Mike Wallace is Here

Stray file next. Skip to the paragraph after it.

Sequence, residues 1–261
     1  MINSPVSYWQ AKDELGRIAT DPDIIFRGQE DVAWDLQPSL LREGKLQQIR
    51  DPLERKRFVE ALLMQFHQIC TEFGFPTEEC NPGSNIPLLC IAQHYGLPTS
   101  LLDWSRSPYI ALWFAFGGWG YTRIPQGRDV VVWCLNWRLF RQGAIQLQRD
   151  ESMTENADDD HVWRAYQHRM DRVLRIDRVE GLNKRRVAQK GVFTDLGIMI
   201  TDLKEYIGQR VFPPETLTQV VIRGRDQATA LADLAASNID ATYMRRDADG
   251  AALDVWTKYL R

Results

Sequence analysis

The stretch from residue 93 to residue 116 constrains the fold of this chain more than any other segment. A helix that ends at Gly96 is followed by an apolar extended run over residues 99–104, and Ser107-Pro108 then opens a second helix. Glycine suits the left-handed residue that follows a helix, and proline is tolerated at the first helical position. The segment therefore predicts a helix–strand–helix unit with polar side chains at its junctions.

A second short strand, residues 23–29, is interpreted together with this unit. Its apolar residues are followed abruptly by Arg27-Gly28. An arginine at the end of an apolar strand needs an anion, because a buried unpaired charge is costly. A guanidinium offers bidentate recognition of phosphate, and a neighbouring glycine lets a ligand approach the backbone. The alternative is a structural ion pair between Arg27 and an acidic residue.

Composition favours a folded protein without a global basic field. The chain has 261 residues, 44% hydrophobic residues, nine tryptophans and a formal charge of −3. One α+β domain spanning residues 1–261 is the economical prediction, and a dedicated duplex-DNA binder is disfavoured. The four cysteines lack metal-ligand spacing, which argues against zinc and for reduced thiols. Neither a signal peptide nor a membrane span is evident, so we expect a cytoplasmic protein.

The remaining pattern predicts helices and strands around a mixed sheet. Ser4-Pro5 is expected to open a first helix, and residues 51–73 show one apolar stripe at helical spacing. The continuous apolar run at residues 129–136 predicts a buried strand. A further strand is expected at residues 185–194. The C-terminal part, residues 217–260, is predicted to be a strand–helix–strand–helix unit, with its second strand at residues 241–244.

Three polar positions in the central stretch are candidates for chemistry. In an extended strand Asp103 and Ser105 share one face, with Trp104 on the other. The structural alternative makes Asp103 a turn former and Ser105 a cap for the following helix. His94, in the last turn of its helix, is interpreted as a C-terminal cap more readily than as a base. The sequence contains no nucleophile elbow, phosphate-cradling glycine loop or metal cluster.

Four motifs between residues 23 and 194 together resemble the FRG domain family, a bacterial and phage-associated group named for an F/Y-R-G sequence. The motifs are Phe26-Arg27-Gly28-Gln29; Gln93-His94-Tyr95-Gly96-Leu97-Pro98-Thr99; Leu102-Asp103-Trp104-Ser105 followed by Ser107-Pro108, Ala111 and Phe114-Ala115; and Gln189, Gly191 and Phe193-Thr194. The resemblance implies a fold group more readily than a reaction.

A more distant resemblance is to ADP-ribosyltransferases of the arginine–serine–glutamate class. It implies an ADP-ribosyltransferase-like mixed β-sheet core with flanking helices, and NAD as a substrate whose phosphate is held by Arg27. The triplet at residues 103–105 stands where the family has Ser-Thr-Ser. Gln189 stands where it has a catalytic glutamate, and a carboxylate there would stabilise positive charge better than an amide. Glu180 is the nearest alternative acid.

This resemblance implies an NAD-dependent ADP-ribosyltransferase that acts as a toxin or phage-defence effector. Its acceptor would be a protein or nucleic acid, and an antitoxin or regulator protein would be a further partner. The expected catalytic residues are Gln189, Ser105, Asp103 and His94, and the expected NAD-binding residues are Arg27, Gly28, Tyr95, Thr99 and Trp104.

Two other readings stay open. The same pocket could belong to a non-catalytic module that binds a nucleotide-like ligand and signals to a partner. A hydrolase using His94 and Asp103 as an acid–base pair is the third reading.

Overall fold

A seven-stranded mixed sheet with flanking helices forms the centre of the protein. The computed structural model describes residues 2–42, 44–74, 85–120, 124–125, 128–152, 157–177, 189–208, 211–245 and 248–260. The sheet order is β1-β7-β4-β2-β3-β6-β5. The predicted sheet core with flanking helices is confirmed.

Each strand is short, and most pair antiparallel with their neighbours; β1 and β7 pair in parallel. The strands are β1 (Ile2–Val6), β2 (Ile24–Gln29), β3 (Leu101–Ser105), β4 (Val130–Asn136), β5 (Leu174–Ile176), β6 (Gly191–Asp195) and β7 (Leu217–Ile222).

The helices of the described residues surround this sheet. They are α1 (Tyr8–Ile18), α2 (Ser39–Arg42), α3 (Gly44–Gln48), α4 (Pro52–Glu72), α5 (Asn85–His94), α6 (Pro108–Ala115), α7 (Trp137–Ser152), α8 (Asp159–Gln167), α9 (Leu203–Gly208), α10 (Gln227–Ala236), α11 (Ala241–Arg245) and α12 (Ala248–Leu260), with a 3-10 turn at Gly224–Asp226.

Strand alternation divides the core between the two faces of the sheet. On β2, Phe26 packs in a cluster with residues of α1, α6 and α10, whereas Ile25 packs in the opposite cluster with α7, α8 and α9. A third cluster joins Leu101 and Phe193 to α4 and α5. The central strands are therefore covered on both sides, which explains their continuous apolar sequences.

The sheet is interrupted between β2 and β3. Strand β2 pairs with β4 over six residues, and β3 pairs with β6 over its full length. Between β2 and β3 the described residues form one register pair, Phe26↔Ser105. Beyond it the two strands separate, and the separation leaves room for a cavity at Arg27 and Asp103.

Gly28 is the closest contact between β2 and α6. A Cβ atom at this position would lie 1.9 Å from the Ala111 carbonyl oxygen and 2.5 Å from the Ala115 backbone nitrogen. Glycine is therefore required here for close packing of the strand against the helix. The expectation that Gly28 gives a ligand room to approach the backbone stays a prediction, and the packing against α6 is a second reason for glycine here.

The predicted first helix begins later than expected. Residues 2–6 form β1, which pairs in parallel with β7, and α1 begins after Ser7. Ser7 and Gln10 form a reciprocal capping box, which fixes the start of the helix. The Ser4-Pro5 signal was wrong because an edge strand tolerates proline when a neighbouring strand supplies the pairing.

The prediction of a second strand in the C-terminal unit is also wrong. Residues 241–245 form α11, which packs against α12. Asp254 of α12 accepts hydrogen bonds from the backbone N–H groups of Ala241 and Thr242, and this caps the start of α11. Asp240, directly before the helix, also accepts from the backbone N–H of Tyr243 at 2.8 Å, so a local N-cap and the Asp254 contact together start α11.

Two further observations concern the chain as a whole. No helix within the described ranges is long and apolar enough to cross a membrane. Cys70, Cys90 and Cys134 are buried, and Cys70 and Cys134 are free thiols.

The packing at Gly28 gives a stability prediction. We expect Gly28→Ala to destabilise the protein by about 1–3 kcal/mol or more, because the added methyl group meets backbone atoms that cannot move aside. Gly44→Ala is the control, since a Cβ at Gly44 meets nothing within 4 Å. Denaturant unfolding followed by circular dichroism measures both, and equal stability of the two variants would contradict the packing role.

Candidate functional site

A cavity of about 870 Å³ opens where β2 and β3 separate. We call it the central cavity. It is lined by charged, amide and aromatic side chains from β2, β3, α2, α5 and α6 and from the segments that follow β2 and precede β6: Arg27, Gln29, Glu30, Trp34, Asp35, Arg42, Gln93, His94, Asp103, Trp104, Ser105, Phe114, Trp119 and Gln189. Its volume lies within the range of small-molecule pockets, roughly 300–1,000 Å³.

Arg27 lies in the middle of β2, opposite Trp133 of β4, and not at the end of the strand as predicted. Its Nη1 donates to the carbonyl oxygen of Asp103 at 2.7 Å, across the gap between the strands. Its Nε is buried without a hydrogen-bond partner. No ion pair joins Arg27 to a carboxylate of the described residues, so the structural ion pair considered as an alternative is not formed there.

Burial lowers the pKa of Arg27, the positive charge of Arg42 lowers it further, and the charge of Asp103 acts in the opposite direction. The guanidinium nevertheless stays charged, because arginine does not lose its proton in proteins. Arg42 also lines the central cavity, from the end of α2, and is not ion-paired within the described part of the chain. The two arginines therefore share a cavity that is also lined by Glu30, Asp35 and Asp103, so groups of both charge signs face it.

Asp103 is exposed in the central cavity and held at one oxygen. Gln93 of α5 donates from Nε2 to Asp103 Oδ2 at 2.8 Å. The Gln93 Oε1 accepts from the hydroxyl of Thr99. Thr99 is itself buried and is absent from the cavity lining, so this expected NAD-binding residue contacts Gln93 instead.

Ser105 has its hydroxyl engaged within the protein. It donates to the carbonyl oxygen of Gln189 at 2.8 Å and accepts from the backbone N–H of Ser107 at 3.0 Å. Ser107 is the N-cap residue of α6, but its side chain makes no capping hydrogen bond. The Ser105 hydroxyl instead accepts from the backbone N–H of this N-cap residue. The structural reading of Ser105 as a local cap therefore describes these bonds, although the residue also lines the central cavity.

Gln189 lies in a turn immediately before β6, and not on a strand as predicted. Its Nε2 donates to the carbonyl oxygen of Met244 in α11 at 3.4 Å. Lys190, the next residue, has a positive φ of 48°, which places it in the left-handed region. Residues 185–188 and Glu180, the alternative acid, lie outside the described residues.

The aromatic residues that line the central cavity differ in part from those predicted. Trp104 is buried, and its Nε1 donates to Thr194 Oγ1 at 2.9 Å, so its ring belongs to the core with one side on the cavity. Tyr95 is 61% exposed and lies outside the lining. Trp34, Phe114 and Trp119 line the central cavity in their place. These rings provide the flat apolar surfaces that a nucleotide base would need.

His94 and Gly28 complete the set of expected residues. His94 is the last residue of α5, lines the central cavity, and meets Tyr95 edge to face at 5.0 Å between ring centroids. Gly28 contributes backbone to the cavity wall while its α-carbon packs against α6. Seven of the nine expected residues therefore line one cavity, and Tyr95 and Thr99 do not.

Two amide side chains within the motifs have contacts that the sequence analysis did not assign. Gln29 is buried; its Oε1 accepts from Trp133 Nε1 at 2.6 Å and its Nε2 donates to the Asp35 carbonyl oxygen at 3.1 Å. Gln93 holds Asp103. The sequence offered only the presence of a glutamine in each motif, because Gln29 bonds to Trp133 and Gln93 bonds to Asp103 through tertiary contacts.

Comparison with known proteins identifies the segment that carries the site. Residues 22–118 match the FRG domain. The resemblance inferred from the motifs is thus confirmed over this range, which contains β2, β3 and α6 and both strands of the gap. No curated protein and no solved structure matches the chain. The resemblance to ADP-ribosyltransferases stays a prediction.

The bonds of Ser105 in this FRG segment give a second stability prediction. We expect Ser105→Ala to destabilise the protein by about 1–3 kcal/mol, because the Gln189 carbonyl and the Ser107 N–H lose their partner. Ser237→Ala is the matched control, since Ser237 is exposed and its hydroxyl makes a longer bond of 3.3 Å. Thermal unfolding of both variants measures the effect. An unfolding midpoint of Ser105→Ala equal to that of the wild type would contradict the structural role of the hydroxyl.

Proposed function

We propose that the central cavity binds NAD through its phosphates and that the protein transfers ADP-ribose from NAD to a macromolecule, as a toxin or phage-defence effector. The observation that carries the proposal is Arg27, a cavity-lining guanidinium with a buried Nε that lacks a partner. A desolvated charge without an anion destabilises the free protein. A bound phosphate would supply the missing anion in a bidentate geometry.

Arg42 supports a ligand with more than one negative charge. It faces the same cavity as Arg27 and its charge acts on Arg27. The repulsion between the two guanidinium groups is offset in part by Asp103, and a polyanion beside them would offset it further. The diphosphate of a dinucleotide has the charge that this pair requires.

Akin to the “gotcha” journalism that Mike Wallace popularized and defined in modern cable news television, Avi Belkin’s Mike Wallace is Here utilizes particular documentary techniques that are ubiquitous in contemporary American cinema. But the banal strategies evoked here - the talking heads, the conversational mode of exploring Wallace’s past, the deployment of archival footage, etc. – are rendered with a greater sense of urgency. Whether it’s the rapid shift from all these aforementioned modes, the almost experimental transitions that compose the film, the synthesizer score that borrows extensively from the works of Trent Reznor, Atticus Ross, and Cliff Martinez, or simply Wallace’s persuasive presence, Mike Wallace is Here is so compulsively watchable that it’s easy to forget that you’ve seen a dozen documentary films like it before. Yet what elevates Belkin’s film beyond hagiography is a brief narrative respite where Wallace discusses his depression and subsequent suicide attempt, in one of those rare moments where the portrait of an immovable, profoundly practical man is blurred. And the film is littered with these moments, where Wallace’s journalistic contributions are acknowledged in conjunction with his numerous defeats – a film that sees Wallace as what he always strived to be: tough but fair.